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Kansas Judicial Branch

The Kansas Supreme Court
301 SW 10th Avenue
Topeka Kansas 66612-1507

Office of Judicial Administration
Fax:  785.296.7076
Email: info@kscourts.org

Appellate Clerk's Office
Fax:  785.296.1028
Email: appellateclerk@kscourts.org

Should I represent myself

There are times when people choose to represent themselves in a Kansas court.  The following questions are designed to help you with your case without the assistance of a lawyer.  Most people come to court because something is affecting their lives, maybe in stressful and emotional ways. Learning the law and court processes can also be difficult and stressful.  In fact, sometimes when people act as their own lawyer in complicated cases, they need to hire a lawyer later to "fix" mistakes.  Hiring a lawyer after the fact could cost more than using a lawyer from the start.
1.         Are you on time for meetings and deadlines?

  • The court expects you to be on time (a little early is better) for hearings and paperwork.
  • Use a daily calendar with reminders of your court "to do's."

2.         Can you make it to the courthouse during the day (during business hours)?

  • You will need to arrange your work schedule and transportation to get to court a few times, both to file paperwork and be at hearings.

3.         Do you fill out and file your own income tax returns?

  • Court forms can be complicated, much like income tax returns.
  • Reading instructions, following steps, and paying attention to detail are necessary to complete court forms.
  • You must be organized and prepared to successfully file the proper court forms.

4.         Are you comfortable doing research in a library or on a computer?

  • Most people do not know the laws and rules that control their cases.  Many people are also unsure what forms and documents need to be filed with the court to start and continue their cases.
  • Learning the laws and rules for your case is required to be successful.  While the court may provide forms for you to fill out and file, you will likely have questions. Court staff can only give you limited answers to your questions because of their duty to be fair to all parties.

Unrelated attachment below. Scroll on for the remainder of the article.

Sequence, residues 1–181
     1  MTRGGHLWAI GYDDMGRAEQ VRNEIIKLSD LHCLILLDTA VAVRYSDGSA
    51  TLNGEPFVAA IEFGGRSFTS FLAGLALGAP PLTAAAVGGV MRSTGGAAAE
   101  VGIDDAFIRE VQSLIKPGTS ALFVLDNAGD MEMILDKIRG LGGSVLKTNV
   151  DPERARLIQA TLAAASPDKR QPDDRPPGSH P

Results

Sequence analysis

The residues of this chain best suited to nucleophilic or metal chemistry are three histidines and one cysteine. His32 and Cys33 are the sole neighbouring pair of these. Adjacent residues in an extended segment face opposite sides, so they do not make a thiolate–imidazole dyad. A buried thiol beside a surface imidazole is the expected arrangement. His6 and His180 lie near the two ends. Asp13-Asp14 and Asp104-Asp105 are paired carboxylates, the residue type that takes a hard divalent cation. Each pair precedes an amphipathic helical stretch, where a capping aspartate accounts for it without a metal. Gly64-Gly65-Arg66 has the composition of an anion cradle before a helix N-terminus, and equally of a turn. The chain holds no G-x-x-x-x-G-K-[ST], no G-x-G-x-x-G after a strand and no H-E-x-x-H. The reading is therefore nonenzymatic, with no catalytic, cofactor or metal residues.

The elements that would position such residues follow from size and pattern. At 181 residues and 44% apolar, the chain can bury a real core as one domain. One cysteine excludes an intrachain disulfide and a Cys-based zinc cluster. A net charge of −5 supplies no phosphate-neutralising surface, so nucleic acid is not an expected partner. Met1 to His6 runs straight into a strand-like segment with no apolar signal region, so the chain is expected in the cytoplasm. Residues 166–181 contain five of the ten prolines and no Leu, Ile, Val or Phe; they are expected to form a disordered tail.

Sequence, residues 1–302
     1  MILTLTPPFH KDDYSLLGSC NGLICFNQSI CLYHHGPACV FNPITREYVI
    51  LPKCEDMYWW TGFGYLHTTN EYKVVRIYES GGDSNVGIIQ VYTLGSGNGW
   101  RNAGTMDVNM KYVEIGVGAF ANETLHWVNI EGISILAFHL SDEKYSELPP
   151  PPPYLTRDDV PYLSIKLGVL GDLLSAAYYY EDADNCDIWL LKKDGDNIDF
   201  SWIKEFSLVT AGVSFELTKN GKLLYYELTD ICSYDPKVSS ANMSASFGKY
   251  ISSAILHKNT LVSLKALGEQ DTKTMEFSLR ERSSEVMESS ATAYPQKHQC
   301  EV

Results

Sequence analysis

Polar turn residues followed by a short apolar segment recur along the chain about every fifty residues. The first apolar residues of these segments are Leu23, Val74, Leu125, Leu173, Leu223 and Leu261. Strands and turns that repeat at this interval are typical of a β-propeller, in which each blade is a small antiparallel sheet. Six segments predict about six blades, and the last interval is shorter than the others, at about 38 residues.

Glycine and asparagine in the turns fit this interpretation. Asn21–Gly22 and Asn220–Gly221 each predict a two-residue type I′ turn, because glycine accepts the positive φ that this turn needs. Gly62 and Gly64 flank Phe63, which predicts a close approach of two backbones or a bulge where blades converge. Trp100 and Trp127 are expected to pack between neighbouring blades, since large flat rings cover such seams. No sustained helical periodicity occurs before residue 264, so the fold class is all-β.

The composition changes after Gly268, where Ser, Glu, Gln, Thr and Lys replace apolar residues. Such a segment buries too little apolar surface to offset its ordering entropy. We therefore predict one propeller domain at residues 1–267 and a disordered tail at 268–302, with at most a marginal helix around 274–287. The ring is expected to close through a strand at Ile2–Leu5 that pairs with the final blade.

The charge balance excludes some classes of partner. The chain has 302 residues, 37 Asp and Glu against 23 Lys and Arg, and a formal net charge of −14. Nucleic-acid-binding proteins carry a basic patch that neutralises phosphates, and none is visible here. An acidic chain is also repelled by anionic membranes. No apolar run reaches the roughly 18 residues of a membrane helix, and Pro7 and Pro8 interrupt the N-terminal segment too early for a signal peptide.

• If you do not take the time to learn the laws and rules of your case, you are unlikely to be successful.  You may also feel frustrated and unfairly treated because you do not understand what is happening.
  • You can hire a lawyer just to do the research.  It may save you lots of research time, because a lawyer is already trained to know the laws and the rules that control your case.  A lawyer may do some research on specific concerns in your case to make the best argument.  Without using a lawyer, you may miss some of the arguments you could make.

5.         Are you likely to be clear and calm when you stand up and speak in court?

  • Representing yourself means you must attend all the scheduled appearances with the judge. At these appearances you will be required to speak clearly and logically while presenting your case.
  • If the other party has a lawyer and you do not, you cannot count on the other lawyer to help you or speak for you.  You must speak to the court yourself.

6.         Do you easily get angry under stress?

  • Coming to court can be difficult and stressful.  Because you have something to gain or lose in your case or you are angry or upset at the other party, you may find it more difficult to control your emotions in the courtroom and while speaking.  You may also find that your good judgment is clouded by your stress or anger.
  • You must be courteous at all times to court staff, the judge, and the other party to your case.  You cannot interrupt the other party, the judge, or others while they are speaking.

7.         Are you often frustrated by rules you think are unfair or should not apply to you?

  • All types of cases are controlled by rules and procedures.  These rules and procedures are in place to give everyone a level playing field.  Though a rule may seem silly or wrong, the rule must be followed to make sure your case is fairly handled.

8.         Can you make decisions and stick to them?

  • Most court processes are formal and lasting.  Once you make a claim, a statement, or a filing it is difficult to make changes.  Any doubts or questions should be considered and answered before you start.

9.         Can you live with your mistakes?

  • If you represent yourself, you are likely to make some mistakes.  If you regret decisions or often dwell on actions you have taken, you may cause yourself stress and anxiety.  You may also hurt your ability to be successful in your case.

10.       What is at stake in your case?  Do you and the other party get along?

  • Every case is important, but some cases may have a bigger effect on you because of the large amount of money, property, or other people involved (such as children).  Cases involving large amounts of money or a number of people are more complicated.
  • If you and the other party had a relationship that included physical or emotional abuse, you may have trouble keeping a steady emotional state.  Being calm and logical is necessary to make good decisions in your case.
  • If you feel the other party is good at "hiding" money or property (such as on tax forms), or if you have no idea about the other party's financial status, using a lawyer may be helpful in locating the other party's financial assets and collecting on a judgment or settlement.

Limited Representation
You can hire an attorney to do parts of your case or to advise you depending upon how much assistance you can afford.   A lawyer can advise you of issues that you will need to be aware of.   Hiring an attorney to provide limited assistance may help with you representing yourself so that your rights are protected and that you know what to do at different stages of your case.